• Toxic initial appearance associated with prostration
  • Characteristic blanching, erythematous, macular rash
  • Conjunctivitis at the onset of illness
  • Paroxysmal tachycardia, paralleling the fever and exacerbated with exercise
  • Splenomegaly in more prolonged courses
  • Bone and muscle tenderness
  • Loss of Achilles reflex
  • Associated lice infestation

Physical findings of urban trench fever are more variable, but tend to include the following:

  • Presence of rash, fever, conjunctivitis, bone tenderness, splenomegaly, and neuropsychiatric signs vary, and the characteristic signs are generally less prevalent than in the classic cases
  • Nonspecific findings such as weight loss and weakness

Common findings in associated syndromes of urban trench fever are as follows:

  • Chronic lymphadenopathy – Lymphatic involvement of the cervical and mediastinal lymph nodes; afebrile and otherwise asymptomatic
  • Bacillary angiomatosis (immunocompetent) – Presence of one or more papules that progress to nodules that may be localized or disseminated; associated regional adenopathy; afebrile
  • Bacillary angiomatosis (immunocompromised) – Lesions are generally more widespread and are more likely to involve visceral organs than in the immunocompetent patient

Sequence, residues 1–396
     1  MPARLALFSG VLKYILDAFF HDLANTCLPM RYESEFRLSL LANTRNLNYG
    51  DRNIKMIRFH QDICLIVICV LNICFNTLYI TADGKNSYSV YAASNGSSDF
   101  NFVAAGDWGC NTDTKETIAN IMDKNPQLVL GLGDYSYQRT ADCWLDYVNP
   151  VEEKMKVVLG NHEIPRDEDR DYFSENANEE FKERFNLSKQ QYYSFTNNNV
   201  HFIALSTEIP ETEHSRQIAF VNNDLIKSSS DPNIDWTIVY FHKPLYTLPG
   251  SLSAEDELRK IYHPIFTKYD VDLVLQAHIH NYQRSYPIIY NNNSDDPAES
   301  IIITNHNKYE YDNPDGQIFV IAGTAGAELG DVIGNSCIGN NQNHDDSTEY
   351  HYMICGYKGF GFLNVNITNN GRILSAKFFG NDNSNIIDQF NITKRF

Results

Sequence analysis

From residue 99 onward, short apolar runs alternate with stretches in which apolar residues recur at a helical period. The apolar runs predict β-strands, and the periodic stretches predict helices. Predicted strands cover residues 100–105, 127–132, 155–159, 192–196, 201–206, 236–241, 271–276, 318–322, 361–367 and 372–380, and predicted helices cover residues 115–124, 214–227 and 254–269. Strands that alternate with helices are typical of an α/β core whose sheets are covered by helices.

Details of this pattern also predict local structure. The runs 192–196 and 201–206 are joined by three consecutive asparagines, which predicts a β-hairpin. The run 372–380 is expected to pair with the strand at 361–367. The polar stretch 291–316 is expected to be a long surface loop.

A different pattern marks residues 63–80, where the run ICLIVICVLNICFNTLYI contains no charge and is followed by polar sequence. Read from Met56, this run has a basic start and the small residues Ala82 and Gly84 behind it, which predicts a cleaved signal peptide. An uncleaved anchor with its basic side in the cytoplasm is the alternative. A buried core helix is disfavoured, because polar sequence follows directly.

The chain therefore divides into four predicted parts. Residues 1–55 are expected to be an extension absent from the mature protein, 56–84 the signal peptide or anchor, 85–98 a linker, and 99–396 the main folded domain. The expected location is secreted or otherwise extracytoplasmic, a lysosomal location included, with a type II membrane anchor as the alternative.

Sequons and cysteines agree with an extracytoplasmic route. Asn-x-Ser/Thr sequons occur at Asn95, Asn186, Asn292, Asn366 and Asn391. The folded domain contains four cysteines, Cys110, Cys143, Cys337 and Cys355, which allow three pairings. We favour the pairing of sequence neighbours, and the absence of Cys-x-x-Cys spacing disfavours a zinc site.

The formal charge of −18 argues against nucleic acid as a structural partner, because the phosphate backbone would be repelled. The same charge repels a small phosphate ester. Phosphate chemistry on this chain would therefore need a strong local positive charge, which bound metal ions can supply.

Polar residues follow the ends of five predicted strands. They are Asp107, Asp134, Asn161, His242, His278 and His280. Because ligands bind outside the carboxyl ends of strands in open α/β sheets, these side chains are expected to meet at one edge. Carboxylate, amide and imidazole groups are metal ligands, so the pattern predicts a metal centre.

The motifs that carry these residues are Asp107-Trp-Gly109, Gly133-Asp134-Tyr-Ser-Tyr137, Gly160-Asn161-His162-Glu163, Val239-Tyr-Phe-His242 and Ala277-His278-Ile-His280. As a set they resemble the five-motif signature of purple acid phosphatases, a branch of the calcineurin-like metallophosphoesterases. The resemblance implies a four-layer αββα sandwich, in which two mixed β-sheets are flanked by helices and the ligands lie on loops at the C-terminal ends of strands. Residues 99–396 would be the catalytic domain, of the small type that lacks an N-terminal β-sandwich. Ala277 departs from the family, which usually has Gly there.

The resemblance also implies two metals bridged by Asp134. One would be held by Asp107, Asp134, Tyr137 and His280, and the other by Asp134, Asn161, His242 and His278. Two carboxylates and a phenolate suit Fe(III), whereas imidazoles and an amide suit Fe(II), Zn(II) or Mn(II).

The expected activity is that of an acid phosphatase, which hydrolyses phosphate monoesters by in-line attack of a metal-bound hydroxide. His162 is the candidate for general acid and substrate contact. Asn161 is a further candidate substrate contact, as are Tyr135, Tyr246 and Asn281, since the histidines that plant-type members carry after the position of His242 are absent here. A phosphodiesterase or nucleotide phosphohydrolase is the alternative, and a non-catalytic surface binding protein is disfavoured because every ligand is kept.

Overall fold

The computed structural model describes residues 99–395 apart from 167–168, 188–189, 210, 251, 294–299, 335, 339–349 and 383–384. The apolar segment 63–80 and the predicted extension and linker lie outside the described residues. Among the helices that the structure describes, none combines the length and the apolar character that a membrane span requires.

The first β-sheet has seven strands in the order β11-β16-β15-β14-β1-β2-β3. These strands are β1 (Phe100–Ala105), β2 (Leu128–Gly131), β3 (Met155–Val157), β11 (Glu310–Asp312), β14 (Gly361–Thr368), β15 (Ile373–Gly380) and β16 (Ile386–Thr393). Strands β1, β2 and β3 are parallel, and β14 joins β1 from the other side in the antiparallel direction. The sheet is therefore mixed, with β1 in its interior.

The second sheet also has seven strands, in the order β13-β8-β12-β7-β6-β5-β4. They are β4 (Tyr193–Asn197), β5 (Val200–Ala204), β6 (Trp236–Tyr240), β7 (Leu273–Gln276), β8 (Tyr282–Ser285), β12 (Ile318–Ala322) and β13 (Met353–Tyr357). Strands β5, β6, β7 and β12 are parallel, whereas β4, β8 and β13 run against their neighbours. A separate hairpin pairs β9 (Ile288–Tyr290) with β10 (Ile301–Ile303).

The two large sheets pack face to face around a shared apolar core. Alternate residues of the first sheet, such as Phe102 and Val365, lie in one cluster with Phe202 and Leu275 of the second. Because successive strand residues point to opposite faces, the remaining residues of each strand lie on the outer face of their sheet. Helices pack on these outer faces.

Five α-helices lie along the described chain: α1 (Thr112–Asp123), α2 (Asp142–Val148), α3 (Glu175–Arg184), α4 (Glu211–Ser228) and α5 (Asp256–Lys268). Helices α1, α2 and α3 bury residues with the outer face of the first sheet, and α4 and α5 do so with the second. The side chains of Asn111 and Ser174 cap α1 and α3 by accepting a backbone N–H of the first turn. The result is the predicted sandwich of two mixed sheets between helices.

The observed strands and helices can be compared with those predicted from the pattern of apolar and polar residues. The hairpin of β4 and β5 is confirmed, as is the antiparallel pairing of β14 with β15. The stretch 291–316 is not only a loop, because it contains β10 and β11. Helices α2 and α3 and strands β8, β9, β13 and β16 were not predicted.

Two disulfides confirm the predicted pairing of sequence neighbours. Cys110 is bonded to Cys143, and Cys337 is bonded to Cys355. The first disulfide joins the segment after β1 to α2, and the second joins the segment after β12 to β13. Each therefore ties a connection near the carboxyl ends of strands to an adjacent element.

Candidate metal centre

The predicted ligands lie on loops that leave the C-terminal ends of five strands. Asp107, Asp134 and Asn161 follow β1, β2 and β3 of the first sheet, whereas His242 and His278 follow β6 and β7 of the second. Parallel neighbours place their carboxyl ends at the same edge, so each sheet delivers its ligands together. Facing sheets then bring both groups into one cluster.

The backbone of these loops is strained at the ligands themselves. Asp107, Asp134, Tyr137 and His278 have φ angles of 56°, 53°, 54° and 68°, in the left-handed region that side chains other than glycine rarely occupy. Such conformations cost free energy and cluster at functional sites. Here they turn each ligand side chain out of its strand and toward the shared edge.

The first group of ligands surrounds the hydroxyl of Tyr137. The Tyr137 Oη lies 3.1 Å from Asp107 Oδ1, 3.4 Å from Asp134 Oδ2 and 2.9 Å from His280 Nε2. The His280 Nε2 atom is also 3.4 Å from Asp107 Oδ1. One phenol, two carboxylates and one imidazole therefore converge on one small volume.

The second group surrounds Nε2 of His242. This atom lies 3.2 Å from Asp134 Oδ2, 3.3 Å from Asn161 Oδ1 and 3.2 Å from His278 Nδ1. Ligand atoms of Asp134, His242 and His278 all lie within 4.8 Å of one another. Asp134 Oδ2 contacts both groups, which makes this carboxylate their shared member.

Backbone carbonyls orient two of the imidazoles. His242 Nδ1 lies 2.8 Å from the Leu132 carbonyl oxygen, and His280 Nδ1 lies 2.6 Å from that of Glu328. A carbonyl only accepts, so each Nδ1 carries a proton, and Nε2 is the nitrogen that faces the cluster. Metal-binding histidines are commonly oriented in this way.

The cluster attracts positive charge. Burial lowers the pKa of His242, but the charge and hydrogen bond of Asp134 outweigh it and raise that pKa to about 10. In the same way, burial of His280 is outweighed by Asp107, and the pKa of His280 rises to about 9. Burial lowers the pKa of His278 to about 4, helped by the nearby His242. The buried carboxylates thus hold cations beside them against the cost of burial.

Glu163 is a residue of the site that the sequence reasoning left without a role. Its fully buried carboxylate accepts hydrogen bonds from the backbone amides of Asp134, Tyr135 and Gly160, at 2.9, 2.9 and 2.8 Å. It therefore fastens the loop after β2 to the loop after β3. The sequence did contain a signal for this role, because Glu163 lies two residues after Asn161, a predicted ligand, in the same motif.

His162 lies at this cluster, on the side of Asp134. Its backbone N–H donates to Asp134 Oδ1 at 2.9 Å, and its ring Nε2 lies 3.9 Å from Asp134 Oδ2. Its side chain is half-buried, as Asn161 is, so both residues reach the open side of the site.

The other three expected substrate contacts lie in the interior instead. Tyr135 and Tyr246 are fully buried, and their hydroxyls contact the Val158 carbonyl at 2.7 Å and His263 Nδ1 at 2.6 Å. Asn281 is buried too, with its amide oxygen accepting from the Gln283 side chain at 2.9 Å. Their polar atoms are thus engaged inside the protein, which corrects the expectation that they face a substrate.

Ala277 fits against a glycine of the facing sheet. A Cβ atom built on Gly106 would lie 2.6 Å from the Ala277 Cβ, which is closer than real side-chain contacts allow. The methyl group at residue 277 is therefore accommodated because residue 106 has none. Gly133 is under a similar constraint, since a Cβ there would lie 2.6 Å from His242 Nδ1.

• Bartonella quintana endocarditis – Fever and murmur; typically involves the left-sided heart valves; embolic events; possible heart failure

Many patients with microbiologic or serologic evidence of Bartonella quintana infection are asymptomatic.

Trench fever diagnosis

Bartonella quintana infection is difficult to diagnose in the laboratory. Therefore, the microbiology laboratory must be consulted to maximize the diagnostic yield.

The following studies may be useful:

  • Blood cultures: Blood cultures have poor sensitivity for detecting Bartonella quintana.
  • Immunofluorescent assays (IFAs) for immunoglobulin M (IgM) and immunoglobulin G (IgG) antibody levels for both Bartonella quintana and Bartonella henselae. Serologic testing is positive for antibodies (IgG titers >1/50) to Bartonella quintana in many patients with trench fever, urban trench fever, Bartonella bacteremia, or angioproliferative disease. Such testing is helpful for diagnosis and seroprevalence studies 9). The highest levels of antibodies are found in patients with Bartonella endocarditis (IgG titers >1/800) 10). Patients with chronic Bartonella bacteremia have low or absent antibody levels.
  • Enzyme immunoassay (EIA) and enzyme-linked immunosorbent assay (ELISA)
  • Polymerase chain reaction (PCR)–based genomic assays and histochemical stains for direct detection of Bartonella DNA in both tissue and blood
  • Biopsy of skin, lymph node, cardiac valve, or other tissue. Surgical biopsy may be used when necessary to establish a definitive diagnosis of Bartonella quintana endocarditis, lymphadenitis, or bacillary angiomatosis. Biopsy of skin lesions in patients with Bartonella infection shows perivascular lymphocytic infiltrates with some inflammatory cells. Bartonella organisms can be detected in the interstitial tissues. Lesions may also involve liver, spleen, bone marrow, and lymphatic tissues 11).